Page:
A soft plastic outer shell encases a coated metal faceplate on the K2. All of the nutted pots and rotary encoders represent professional build quality, and the nutted construction of the knobs means the the inner circuit board is protected more against outer trauma to the knobs. The four 60mm-throw faders possess the signature Allen & Heath smoothness, and their tops are indented generously, making them a pleasure to use.

In addition, the 30 rubberized buttons feel fantastic. They are soft-touch LED rubber buttons with a click, yet they are firmer and feel more robust than the looser buttons on the Kontrol X1. In short, despite the plastic casing, Allen & Heath maintains its usual high standard of build quality on the Xone:K2.


The K2 serves up 52 hardware controllers. When you factor in push-button encoders and three possible layers of functionality (more on that later), that’s 171 possible MIDI commands.

From the top down, the control segments break out like this:

• 4 push-button rotary encoders. Turning the encoders sends MIDI CC (continuous controller) messages, while pressing/releasing the encoder button send MIDI Note On/Off messages. Tri-color LEDs beneath the encoders reveal the controls layer status if applicable but are not MIDI controls.

• 3 rows of potentiometer knobs with tri-color LED switch buttons.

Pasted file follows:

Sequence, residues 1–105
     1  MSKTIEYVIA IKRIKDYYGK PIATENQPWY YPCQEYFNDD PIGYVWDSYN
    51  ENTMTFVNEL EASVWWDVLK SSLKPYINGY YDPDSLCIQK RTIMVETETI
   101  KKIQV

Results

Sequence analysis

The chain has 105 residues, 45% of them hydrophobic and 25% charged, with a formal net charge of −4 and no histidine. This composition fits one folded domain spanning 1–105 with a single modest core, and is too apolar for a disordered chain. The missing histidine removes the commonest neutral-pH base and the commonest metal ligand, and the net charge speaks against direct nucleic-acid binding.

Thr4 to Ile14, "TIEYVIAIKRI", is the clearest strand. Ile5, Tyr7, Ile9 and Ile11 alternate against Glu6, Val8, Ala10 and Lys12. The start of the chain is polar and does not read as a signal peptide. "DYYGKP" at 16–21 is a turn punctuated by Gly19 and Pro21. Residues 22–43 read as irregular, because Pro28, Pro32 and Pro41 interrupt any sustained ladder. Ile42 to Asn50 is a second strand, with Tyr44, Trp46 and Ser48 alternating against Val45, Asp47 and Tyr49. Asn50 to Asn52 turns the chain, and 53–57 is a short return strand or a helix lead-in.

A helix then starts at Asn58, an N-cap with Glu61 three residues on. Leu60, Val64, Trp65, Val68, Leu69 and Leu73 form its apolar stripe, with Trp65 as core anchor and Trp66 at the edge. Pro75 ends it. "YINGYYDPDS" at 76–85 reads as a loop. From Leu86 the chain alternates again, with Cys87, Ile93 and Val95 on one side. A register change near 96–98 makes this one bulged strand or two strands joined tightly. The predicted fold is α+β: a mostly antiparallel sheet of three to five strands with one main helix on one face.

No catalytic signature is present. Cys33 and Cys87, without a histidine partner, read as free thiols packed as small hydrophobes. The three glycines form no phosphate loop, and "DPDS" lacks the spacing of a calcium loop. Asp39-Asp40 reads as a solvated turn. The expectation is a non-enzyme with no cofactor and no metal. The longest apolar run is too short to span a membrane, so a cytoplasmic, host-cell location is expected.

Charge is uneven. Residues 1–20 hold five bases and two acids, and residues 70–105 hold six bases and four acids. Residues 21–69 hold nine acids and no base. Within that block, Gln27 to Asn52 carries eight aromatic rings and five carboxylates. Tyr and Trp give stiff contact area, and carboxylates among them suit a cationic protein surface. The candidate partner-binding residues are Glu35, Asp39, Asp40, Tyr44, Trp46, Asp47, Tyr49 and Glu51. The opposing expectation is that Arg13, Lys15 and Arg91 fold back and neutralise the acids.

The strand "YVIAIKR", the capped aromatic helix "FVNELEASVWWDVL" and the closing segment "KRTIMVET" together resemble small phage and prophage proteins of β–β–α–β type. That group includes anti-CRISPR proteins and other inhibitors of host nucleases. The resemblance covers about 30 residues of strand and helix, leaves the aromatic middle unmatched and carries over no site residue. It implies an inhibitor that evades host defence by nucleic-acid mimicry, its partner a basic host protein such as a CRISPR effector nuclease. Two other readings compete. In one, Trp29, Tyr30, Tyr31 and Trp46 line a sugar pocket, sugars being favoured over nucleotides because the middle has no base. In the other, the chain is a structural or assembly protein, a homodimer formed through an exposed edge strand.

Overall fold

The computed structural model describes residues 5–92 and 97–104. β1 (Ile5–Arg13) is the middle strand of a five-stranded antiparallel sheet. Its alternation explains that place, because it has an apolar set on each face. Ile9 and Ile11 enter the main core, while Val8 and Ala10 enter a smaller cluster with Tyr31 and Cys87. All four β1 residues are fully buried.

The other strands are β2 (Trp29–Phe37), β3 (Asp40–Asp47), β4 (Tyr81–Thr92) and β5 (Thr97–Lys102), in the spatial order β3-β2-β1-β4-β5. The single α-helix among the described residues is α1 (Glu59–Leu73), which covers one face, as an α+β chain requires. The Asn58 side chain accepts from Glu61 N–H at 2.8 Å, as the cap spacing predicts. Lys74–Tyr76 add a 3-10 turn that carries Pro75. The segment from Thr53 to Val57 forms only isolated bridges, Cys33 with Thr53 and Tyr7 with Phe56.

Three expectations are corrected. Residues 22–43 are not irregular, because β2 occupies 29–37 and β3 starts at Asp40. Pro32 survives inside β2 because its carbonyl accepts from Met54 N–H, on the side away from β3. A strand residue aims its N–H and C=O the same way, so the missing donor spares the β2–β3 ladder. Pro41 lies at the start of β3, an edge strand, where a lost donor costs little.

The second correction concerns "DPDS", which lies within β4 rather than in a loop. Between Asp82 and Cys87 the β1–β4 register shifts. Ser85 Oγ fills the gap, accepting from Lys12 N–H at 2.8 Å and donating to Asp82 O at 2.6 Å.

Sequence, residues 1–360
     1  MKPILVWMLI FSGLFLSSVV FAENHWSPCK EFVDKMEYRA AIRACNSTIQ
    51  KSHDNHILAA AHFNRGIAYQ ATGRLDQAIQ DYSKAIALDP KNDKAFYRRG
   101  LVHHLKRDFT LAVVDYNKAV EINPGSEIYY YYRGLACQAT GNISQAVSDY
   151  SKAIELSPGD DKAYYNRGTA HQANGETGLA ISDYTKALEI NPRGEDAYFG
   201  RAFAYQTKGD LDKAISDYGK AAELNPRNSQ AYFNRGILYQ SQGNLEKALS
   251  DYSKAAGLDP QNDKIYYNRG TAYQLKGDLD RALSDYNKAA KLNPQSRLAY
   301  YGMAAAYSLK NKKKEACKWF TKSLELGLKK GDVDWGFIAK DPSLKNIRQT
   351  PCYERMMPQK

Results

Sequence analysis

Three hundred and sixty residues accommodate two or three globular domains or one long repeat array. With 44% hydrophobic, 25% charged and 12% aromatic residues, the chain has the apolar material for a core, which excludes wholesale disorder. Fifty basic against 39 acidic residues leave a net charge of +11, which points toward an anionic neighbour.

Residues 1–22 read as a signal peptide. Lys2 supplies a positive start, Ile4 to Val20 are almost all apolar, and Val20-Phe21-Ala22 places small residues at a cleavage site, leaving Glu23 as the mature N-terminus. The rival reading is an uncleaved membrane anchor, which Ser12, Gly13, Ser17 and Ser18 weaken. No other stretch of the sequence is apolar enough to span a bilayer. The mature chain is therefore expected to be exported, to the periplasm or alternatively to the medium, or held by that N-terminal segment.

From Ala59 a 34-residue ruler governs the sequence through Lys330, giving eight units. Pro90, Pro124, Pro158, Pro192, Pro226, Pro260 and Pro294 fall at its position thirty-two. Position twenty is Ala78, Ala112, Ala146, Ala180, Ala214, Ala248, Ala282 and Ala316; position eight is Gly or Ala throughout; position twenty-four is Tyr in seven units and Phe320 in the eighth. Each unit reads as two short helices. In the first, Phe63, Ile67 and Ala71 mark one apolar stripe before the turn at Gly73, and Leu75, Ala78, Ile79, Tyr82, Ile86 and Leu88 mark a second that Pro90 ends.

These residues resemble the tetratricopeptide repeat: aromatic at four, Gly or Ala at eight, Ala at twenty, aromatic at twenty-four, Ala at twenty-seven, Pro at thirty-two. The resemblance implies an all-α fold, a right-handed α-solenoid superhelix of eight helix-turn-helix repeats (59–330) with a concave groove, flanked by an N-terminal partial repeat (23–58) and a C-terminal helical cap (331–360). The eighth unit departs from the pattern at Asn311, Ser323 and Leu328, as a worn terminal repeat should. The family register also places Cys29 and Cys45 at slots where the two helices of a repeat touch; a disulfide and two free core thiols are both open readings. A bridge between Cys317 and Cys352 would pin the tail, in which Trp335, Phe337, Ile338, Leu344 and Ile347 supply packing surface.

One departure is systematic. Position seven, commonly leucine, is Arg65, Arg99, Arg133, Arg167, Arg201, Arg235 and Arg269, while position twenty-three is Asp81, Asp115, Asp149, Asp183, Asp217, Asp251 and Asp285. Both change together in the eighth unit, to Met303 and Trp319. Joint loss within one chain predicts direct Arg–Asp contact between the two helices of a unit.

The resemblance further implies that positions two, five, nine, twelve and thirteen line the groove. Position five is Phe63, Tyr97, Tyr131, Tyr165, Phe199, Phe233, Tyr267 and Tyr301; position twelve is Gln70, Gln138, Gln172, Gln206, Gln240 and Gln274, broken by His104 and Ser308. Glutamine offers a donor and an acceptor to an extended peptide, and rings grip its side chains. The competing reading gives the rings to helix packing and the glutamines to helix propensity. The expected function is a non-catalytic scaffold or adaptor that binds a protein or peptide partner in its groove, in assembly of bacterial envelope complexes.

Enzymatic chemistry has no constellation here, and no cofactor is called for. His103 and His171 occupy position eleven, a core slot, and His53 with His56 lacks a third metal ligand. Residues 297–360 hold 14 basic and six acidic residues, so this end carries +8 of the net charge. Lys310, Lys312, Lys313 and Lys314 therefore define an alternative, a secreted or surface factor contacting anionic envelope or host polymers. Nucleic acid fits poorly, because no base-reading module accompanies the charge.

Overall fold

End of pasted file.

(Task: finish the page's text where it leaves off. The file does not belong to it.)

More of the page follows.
• 4 linear 60mm-throw faders.

• “Switch matrix,” consisting of a 4 x 4 grid of tri-color LED switch buttons.

• Layer and setup controls. The bottom row of two LED buttons and two push-button rotary encoders deals with layer switching, setup mode for selecting the MIDI channel and layer mode, or can be assignable if layering is turned off.


There are three possible layers to the K2 control surface that you can assign to MIDI, and the LEDs will glow red, amber, or green depending on what layer they represent. There are also four Latching Layer modes that determine which sections of the K2 will respond to layers and which sections will stay locked to one layer. Let your mind run wild with customization possibilities here. That’s what the K2 is all about.

To set a Latching Layer mode, you must enter setup mode by holding down the Power On/Setup encoder down on an unplugged K2, and then plugging in the USB cable to a computer to power it up. That enters you into setup mode, and using the Setup encoder with the Shift button to enter Layers mode, you can scroll these five Latching Layers states:

1) Latching Layers is turned off. This is the default mode.

2) Only the four rows of 16 Switch Matrix buttons respond to layers, while the rest of the K2 is locked.